Not your average rubberized, hybridized grocery store tomatoes, these tomatoes are funky shaped, many colored, and very flavorful. Heirloom tomatoes rule the farmers' markets this time of year. You can find them in all sizes, from tiny cherry sizes to melon sizes. I could not resist buying a whole bunch this last week at the Union Square Greenmarket. I must say that they are expensive, especially this year because of the blight, but they are definitely worth buying. What sets heirloom tomato varieties apart from their test-tube produced, cookie-cutter brethren is that each heirloom tomato is unique, not just in appearance, but also in texture and flavor. You will find some heirloom varieties to be exceptionally sweet whereas others might be slightly salty or briny. Try a few different ones and you will find the kind that you like.
What really makes heirloom tomato varieties truly special is that their lineage can be traced back many decades. These tomatoes have a heritage not unlike our own ancestral histories. Most varieties trace their roots in the United States while others, some of which are among the most popular black varieties, can be found in the far reaches of Eastern Europe and Russia. Over the years heirloom tomatoes have been cultivated from seed handed down from generation to generation, passed from farmer to farmer and between father and son. Collecting seeds from the best of the bunch has made each heirloom variety highly unique but still characteristic of the variety. Genetic engineering has never been involved and therefore heirloom tomatoes have biodiversity.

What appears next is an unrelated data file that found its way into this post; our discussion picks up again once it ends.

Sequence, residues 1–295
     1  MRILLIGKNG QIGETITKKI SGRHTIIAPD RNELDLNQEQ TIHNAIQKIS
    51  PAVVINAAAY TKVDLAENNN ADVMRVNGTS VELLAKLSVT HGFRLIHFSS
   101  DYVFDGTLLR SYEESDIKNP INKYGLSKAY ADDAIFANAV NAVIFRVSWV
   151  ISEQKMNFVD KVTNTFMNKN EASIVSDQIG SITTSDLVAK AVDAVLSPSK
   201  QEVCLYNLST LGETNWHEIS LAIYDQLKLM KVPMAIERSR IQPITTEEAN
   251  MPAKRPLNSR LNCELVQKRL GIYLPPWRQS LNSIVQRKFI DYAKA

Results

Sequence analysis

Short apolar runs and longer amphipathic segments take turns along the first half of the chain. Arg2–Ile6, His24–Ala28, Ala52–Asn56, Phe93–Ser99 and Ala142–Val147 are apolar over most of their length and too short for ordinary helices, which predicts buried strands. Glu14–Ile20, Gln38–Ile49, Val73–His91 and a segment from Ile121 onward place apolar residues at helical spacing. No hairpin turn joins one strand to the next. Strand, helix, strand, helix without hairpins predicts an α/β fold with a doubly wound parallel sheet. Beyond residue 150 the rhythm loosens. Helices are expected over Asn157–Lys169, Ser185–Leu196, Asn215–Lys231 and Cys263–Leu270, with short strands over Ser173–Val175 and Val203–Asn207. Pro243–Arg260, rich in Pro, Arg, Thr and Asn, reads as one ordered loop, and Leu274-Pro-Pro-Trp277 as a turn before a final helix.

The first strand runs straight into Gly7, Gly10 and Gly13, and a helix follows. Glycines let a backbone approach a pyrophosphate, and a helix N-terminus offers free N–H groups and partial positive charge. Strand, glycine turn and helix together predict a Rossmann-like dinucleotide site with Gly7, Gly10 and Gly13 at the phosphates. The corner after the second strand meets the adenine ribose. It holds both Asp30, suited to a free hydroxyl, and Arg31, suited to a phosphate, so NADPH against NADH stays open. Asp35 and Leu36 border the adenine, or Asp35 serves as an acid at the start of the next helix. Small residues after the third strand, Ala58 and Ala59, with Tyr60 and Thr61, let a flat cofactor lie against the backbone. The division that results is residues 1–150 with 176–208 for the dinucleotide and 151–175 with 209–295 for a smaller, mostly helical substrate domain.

When buying tomatoes for this recipe, look for ones that are firm and free of blemishes and bruises. When choosing tomatoes at the market make sure to handle them carefully as some may be overripe and bruise easily. It's best to stay away from them since they are very likely to be mealy in texture. Some heirloom varieties are thick skinned, hard, and woody. These kinds may not work well for this salad. The Black Krim, Brandywine, Big Rainbow, Lillian's Yellow, and Green Zebra are wonderful heirloom varieties to use in this salad. They are juicy and have smaller seed pockets. If you are not sure about the varieties, ask the farmer for help in choosing the tomatoes you want.
Heirloom Tomato Salad
2 pounds heirloom tomatoes of various kinds
coarse sea salt
freshly ground black pepper
extra-virgin olive oil
handful basil leaves
Core tomatoes and cut 1/4-inch thick slices.
On a large platter, lay tomato slices overlapping. Season each slice with salt and pepper. Drizzle with about 3 to 4 tablespoons of olive oil and of vinegar.
Gather basil leaves together and roll into a cigar shape. Slice crosswise into very thin ribbons. Sprinkle over tomatoes. Serve salad immediately. Yield: 4 servings.